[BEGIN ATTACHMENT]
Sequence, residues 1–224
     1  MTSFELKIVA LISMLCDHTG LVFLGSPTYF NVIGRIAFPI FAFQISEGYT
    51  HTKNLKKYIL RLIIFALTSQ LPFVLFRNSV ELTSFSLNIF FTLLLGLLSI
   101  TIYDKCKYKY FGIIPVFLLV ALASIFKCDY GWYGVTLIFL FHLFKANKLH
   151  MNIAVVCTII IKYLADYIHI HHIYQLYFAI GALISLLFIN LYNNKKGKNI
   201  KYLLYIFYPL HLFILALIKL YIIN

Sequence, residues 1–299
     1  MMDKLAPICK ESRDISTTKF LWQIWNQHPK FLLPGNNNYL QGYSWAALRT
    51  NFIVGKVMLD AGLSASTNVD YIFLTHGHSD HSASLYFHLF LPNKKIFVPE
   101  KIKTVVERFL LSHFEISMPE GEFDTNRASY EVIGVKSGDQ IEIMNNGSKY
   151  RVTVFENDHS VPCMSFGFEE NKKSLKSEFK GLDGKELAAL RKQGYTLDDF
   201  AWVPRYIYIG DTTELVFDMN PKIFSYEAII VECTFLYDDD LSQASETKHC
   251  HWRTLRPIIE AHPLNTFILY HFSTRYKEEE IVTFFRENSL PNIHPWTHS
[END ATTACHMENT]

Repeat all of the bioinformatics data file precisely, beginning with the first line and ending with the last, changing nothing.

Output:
Sequence, residues 1–224
     1  MTSFELKIVA LISMLCDHTG LVFLGSPTYF NVIGRIAFPI FAFQISEGYT
    51  HTKNLKKYIL RLIIFALTSQ LPFVLFRNSV ELTSFSLNIF FTLLLGLLSI
   101  TIYDKCKYKY FGIIPVFLLV ALASIFKCDY GWYGVTLIFL FHLFKANKLH
   151  MNIAVVCTII IKYLADYIHI HHIYQLYFAI GALISLLFIN LYNNKKGKNI
   201  KYLLYIFYPL HLFILALIKL YIIN

Sequence, residues 1–299
     1  MMDKLAPICK ESRDISTTKF LWQIWNQHPK FLLPGNNNYL QGYSWAALRT
    51  NFIVGKVMLD AGLSASTNVD YIFLTHGHSD HSASLYFHLF LPNKKIFVPE
   101  KIKTVVERFL LSHFEISMPE GEFDTNRASY EVIGVKSGDQ IEIMNNGSKY
   151  RVTVFENDHS VPCMSFGFEE NKKSLKSEFK GLDGKELAAL RKQGYTLDDF
   201  AWVPRYIYIG DTTELVFDMN PKIFSYEAII VECTFLYDDD LSQASETKHC
   251  HWRTLRPIIE AHPLNTFILY HFSTRYKEEE IVTFFRENSL PNIHPWTHS